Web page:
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Research Guides

Collection Guidelines: Slavic Studies: Subject Definition

Collecting guidelines for Slavic Languages and Literatures, Baltic Studies, and Russian, East European and Central Asian Studies (REECAS).

About This Guide

These guidelines pertain to the acquisition of materials from and about Russia, the Baltic Region, Eastern Europe, the Caucasus and Central Asia for inclusion in the collections of the University of Washington Libraries, Seattle.

This interdisciplinary collection supports the teaching and research of faculty in the Department of Slavic Languages and Literatures, the Baltic Studies Program, and the interdisciplinary Russian, East European and Central Asian Studies Program (REECAS) of the Henry M. Jackson School of International Studies.  It also supports research by graduate and upper divisional undergraduate students in any UW department or program (Anthropology, Art History, Geography, History, Music, Political Science, Sociology, etc.) for whom Russia, the Baltics, Eastern Europe or Central Asia are a primary object of research interest.

For more information about the UW Libraries' Slavic collecting priorities not addressed in these pages, contact UW's Slavic, Baltic and East European studies librarian, Michael Biggins.

Subject Definition

The term Slavic and East European studies is used at the UW Libraries to refer to learning, teaching and research in any discipline as it applies to Russia, the former Soviet Union, the Baltic countries, Eastern Europe, Southeastern Europe (the Balkans), the Caucasus, and former Soviet Central Asia.  Although sometimes referred to as Slavic studies for brevity's sake, Slavic is a specific ethnonym applicable only to national groups united by the use of a Slavic language (e.g., Russians, but not Estonians or Uzbeks; Poles, but not Lithuanians, Hungarians or Georgians), so it is both technically and politically more correct to use the terms Slavic and East European studies or Slavic, Baltic and East European studies.  The acronym REECAS (Russian, East European and Central Asian studies) is still more inclusive by bringing in all post-Soviet space.

Slavic and East European studies at UW involves some 40 full-time core faculty members spread across fifteen departments, as well as an additional 15 affiliated faculty.

Subject Classification

Slavic and East European materials are located throughout the UW Libraries system in all subject classifications.  The following table shows the call number ranges of the most significant concentrations of material:

B 4200-4279 Philosophy in Russia
BR 930-938 Church and state in Russia and the USSR
BX 200-756   Eastern Orthodox church history
DAW History of Central Europe overall
DB 901-999   History of Hungary
DB 2000-3150   History of Czech Republic and Slovakia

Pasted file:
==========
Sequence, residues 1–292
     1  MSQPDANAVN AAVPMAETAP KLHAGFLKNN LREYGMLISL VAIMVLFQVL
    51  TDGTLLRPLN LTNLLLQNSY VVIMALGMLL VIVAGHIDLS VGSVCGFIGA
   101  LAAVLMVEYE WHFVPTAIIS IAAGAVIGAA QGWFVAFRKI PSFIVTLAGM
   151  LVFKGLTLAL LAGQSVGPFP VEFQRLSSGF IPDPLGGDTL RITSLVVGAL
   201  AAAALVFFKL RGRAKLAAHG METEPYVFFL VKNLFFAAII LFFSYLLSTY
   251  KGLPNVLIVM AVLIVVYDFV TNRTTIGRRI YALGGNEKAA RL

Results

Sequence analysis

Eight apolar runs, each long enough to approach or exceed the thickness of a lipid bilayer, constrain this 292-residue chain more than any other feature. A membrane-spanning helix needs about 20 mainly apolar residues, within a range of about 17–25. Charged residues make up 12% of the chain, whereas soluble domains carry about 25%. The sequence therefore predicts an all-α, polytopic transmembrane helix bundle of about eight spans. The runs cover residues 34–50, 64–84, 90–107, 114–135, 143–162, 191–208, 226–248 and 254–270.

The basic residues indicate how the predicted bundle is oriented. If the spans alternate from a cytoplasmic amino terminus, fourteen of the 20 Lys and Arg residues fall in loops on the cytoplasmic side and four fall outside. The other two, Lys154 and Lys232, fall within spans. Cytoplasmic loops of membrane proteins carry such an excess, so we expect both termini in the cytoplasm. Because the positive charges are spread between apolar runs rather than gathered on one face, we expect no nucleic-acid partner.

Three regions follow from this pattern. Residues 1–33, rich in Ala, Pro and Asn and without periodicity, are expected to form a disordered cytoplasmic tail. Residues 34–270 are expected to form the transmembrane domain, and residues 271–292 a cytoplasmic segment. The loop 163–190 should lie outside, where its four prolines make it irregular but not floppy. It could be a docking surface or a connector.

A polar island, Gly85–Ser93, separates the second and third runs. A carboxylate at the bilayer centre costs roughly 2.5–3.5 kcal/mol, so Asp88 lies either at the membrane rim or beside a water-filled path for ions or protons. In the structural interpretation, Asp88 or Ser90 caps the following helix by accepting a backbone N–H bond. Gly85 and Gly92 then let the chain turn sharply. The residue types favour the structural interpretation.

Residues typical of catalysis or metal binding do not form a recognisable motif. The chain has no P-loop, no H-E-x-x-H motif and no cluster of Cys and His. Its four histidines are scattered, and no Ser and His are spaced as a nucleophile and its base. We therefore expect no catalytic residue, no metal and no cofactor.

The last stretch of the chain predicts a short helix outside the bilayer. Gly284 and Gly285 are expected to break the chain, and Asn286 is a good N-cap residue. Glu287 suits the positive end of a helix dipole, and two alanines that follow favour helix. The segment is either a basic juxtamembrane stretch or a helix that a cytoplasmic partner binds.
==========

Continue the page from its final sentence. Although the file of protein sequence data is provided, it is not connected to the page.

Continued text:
DJK       History of Eastern Europe overall
DK 1-264    History of the Russian Empire
DK 265-293       History of the Soviet Union
DK 502    History of the Baltics overall
DK 503 History of Estonia
DK 504 History of Latvia
DK 505 History of Lithuania
DK 507 History of Belarus
DK 508 History of Ukraine
DK 510-651    History of Russian Federation (1991- )
DK 670-679       History of Republic of Georgia
DK 680-689    History of Armenia
DK 690-699 History of Azerbaijan
DK 845-860    History of Central Asia overall
DK 901-910 History of Kazakhstan
DK 911-920 History of Kyrgyzstan
DK 921-930 History of Tajikistan
DK 931-940    History of Turkmenistan
DK 941-950 History of Uzbekistan
DK 4010-4800 History of Poland
DR 51-98 History of Bulgaria
DR 201-296 History of Romania
DR 1202-1313 History of Yugoslavia (1918-1995)
DR 1352-1485    History of Slovenia
DR 1502-1645 History of Croatia
DR 1652-1785 History of Bosnia
DR 1802-1928 History of Montenegro
DR 1932-2125 History of Serbia
DR 2152-2285 History of Macedonia
GR 138 Slavic folklore  (general)
GR 202-203    Russian folklore
GR 204 Baltic folklore
GR 250-260 Balkan and South Slavic folklore
HC 330-340.19 Russian economic conditions
HC 340.3 Polish economic conditions and policy
HN 530 Russian social conditions
HN 537-539 Polish social conditions
HV 8224-8227    Russian and Soviet secret police
JN 6695-6699 Russian politics and government
JN 6750-6797 Polish politics and government
L (various ranges)   Russian and East European educational systems
M (various ranges) Baltic choral music; Russian music history
N 6996-6999 Russian art history
NA 1181-1199 Russian architecture
ND 681-699 Russian painting
PC 601-872    Romanian language and literature
PG 801-1146 Bulgarian language and literature
PG 1151-1199 Macedonian language and literature
PG 1201-1749 Bosnian-Croatian-Serbian language and literature
PG 1801-1962 Slovene language and literature
PG 2001-2826 Russian language and linguistics
PG 2830-2847 Belarusian language and literature
PG 2900-3698 Russian literature and criticism
PG 3801-3987 Ukrainian language and literature
PG 4001-5146    Czech language and literature
PG 5201-5546 Slovak language and literature
PG 6001-7446 Polish language and literature
PG 8501-8772 Lithuanian language and literature
PG 8801-9146 Latvian language and literature
PH 601-671    Estonian language and literature
PH 2001-3445 Hungarian language and literature
PK 8000-8832 Armenian language and literature
PK 9101-9169 Georgian language and literature
PN 1993.5 East European film history
PN 2720-2729    Russian theater history
Z 2483-2519 Slavic and East European bibliographies